– So, a lot of water?

– Yeah, knee-deep.

– That’s good, thanks!

I do not know how, but the crew of this low “Skyline” was able to overcome this obstacle. We decided that if we call a taxi, we want the driver to be already drunk.
So we went on for about half an hour, when an old man on an old car agreed to give us a ride. It turned out he was going to Melnichnoe, so he took us up to the fork in the road where everyone said goodbye and walked their way. He accepted no money from us. We caught our next ride in about 40 minutes. The couple was traveling to Dalniy Kut and gladly agreed to drive us to the ferry. They also didn’t want any money.

Old Mitsubishi.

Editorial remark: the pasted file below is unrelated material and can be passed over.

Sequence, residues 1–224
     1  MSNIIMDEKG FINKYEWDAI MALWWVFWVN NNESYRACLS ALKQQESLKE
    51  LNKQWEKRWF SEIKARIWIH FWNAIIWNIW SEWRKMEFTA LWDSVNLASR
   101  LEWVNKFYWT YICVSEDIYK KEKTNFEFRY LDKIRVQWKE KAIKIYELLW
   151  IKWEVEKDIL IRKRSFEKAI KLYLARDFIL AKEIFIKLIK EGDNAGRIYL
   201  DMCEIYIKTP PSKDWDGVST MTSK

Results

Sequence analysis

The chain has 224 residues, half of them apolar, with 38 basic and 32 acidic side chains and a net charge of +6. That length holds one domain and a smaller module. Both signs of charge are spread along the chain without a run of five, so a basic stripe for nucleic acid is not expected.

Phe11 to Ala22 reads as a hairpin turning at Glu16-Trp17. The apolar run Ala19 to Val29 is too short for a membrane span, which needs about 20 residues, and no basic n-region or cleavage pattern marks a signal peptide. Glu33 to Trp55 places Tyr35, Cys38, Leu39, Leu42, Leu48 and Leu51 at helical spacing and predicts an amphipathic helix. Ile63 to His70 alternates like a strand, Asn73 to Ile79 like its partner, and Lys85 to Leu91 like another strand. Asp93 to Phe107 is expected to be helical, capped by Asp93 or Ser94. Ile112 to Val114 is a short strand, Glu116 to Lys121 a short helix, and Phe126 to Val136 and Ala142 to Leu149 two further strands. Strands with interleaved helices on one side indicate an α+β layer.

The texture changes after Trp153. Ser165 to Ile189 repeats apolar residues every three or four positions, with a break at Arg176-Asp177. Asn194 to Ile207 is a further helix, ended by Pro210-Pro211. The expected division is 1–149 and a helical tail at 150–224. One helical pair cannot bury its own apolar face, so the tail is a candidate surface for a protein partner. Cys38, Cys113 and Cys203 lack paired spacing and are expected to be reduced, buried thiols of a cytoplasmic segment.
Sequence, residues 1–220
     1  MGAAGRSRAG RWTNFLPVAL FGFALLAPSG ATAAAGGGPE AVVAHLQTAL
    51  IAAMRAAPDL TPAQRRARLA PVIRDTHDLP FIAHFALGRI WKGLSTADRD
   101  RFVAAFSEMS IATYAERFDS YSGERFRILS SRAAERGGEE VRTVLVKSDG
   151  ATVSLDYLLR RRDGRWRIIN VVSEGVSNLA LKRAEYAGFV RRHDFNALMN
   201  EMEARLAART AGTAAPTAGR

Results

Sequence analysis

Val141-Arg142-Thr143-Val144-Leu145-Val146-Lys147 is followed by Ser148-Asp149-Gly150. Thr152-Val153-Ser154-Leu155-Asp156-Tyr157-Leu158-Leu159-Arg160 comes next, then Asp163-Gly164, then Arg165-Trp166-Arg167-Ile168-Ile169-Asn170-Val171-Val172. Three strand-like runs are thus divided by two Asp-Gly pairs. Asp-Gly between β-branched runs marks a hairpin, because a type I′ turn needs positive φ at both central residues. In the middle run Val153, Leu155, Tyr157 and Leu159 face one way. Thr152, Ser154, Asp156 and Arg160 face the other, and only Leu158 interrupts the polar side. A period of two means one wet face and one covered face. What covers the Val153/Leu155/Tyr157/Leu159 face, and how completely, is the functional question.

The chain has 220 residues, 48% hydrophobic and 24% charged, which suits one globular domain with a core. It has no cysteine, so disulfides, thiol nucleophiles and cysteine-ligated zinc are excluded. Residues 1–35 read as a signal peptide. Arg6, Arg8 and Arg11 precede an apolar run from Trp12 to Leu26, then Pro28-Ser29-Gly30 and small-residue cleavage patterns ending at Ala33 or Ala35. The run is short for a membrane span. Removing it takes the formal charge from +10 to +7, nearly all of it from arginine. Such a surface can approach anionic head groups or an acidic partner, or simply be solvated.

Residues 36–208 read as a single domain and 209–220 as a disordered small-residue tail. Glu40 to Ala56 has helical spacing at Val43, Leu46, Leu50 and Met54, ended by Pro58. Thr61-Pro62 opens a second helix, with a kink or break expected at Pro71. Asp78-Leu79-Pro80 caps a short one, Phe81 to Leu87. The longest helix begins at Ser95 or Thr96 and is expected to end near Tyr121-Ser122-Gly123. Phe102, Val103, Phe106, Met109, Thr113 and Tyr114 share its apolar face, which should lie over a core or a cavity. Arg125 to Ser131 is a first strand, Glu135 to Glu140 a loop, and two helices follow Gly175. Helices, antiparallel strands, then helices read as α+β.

The ferry is a wooden turret with a suspension bridge for pedestrians stretching from it. Vehicles and other equipment are transported by the so-called barge. In fact, that piece of metal barely can be called barge. It’s just a part of the pontoon bridge, which is moved by a steel cable stretched between the banks and by the river flow. Once you turn the barge by a certain angle, it immediately moves to the other side. Getting from one side to another takes about 5 minutes. Barge runs at a certain time. At the appointed time the man working on a barge comes and transports people from one bank to another. We went on a suspension bridge, which is swinging from side to side when you walk on it. Big Ussurka river flows under the bridge.